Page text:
Original Investigation
October 2015

Service Delivery and Patient Outcomes in Ryan White HIV/AIDS Program–Funded and –Nonfunded Health Care Facilities in the United States

Author Affiliations
  • 1Division of HIV/AIDS Prevention, Centers for Disease Control and Prevention, Atlanta, Georgia
  • 2Health Information and Technology Systems, ICF International, Atlanta, Georgia
  • 3HIV/AIDS Bureau, Health Resources and Services Administration, Rockville, Maryland
  • 4Division of Global HIV/AIDS and Tuberculosis, Centers for Disease Control and Prevention, Atlanta, Georgia
JAMA Intern Med. 2015;175(10):1650-1659. doi:10.1001/jamainternmed.2015.4095
Abstract

Importance  Outpatient human immunodeficiency virus (HIV) health care facilities receive funding from the Ryan White HIV/AIDS Program (RWHAP) to provide medical care and essential support services that help patients remain in care and adhere to treatment. Increased access to Medicaid and private insurance for HIV-infected persons may provide coverage for medical care but not all needed support services and may not supplant the need for RWHAP funding.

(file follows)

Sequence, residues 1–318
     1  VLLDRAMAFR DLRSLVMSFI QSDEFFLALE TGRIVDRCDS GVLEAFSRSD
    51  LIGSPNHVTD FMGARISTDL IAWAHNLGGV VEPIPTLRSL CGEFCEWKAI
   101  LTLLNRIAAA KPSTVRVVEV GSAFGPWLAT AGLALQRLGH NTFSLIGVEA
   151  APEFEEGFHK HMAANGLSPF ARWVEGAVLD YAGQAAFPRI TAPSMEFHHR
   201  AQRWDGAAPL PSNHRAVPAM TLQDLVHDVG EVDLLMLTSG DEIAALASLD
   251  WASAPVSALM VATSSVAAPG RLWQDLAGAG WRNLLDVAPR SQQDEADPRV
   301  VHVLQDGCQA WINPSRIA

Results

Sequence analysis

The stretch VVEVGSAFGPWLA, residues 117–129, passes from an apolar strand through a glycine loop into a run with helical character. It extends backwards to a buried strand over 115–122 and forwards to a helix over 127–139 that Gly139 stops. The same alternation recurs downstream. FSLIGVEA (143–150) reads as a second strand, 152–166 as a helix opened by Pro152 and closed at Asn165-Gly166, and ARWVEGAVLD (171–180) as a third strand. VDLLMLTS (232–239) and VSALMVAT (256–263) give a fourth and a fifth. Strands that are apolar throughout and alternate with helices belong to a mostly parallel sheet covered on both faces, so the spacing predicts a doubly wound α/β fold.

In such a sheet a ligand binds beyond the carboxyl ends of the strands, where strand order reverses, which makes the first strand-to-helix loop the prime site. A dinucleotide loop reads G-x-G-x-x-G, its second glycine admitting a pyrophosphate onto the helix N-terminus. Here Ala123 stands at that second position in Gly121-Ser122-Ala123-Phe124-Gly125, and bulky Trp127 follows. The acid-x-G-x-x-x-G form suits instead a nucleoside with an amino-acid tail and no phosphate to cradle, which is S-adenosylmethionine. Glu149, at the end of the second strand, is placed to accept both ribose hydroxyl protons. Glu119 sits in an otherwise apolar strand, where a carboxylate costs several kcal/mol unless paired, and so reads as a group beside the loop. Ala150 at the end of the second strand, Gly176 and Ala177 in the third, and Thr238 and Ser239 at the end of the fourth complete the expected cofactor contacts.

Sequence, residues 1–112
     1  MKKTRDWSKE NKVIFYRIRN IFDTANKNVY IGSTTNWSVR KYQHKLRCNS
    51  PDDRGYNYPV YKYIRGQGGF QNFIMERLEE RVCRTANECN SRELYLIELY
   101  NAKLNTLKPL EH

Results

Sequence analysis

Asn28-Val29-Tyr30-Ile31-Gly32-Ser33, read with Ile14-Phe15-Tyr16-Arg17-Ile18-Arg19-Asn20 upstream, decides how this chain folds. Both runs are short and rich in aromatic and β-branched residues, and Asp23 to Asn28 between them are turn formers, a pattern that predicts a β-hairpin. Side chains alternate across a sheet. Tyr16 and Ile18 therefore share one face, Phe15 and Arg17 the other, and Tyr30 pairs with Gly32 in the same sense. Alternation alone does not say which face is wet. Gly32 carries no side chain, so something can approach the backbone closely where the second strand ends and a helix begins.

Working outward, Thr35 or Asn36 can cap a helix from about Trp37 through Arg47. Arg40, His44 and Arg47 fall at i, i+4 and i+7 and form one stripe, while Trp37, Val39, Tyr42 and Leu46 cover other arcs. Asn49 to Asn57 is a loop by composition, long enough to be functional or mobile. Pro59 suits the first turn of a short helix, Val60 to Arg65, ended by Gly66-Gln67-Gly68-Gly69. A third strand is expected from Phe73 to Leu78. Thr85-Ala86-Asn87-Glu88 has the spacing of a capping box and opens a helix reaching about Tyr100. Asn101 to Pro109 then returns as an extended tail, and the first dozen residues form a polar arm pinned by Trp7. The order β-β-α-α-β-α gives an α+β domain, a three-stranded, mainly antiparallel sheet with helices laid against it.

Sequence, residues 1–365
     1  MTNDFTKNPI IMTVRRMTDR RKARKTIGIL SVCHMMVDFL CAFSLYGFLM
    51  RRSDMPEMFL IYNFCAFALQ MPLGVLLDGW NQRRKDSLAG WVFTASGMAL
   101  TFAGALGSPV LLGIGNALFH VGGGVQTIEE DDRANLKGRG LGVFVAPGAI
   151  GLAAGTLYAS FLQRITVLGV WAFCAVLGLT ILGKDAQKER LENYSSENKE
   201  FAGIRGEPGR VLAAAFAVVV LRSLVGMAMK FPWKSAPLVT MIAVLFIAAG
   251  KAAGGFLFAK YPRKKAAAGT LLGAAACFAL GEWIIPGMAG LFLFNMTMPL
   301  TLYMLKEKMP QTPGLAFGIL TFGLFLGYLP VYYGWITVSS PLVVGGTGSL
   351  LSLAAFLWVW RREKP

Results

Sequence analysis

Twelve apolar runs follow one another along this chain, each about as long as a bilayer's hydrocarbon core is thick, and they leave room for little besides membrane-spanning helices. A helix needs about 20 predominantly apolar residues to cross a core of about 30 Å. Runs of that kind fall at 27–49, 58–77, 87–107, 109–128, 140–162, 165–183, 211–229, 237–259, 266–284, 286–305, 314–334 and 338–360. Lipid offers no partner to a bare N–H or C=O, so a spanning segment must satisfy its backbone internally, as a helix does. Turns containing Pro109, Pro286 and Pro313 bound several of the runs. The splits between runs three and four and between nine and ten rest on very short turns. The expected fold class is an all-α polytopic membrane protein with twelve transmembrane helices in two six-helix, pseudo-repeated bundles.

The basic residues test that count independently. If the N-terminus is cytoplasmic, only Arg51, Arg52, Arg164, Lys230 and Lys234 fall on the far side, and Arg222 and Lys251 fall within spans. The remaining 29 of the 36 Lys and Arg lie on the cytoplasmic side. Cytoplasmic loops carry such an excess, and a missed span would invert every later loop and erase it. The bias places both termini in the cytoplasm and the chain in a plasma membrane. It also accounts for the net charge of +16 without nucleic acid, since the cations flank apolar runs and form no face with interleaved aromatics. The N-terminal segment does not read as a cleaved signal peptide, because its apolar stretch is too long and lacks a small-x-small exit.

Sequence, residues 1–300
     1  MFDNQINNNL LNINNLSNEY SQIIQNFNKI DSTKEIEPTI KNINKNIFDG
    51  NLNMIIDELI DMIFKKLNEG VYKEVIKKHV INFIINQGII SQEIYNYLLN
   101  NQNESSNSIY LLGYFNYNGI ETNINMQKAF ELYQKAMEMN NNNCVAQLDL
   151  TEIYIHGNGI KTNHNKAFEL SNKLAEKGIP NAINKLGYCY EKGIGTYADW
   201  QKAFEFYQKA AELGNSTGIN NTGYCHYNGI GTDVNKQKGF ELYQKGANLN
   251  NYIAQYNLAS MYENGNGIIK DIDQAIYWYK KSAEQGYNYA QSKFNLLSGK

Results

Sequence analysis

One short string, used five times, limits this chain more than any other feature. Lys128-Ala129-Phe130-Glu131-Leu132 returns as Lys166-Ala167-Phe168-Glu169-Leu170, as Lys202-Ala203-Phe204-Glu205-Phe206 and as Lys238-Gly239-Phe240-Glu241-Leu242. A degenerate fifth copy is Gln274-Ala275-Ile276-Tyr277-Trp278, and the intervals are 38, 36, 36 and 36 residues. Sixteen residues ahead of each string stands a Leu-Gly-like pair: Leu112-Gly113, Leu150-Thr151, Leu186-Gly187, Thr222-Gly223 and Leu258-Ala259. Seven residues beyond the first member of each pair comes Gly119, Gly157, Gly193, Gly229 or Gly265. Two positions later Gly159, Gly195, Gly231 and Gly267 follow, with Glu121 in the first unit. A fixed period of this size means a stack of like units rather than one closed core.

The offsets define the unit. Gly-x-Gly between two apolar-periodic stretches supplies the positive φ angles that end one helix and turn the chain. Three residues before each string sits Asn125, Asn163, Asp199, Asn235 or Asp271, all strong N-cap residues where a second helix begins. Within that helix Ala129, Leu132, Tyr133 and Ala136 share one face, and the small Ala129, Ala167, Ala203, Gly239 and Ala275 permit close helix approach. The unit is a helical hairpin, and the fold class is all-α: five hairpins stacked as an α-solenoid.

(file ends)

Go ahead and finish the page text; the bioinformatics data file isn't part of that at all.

Objective  To examine differences between RWHAP-funded and non–RWHAP-funded facilities and in patient outcomes between the 2 systems.

Design, Setting, and Participants  The study was conducted from June 1, 2009, to May 31, 2012, using data from the 2009 and 2011 cycles of the Medical Monitoring Project, a national probability sample of 8038 HIV-infected adults receiving medical care at 989 outpatient health care facilities providing HIV medical care.

Main Outcomes and Measures  Data were used to compare patient characteristics, service needs, and access to services at RWHAP-funded vs non–RWHAP-funded facilities. Differences in prescribed antiretroviral treatment and viral suppression were assessed. Data analysis was performed between February 2012 and June 2015.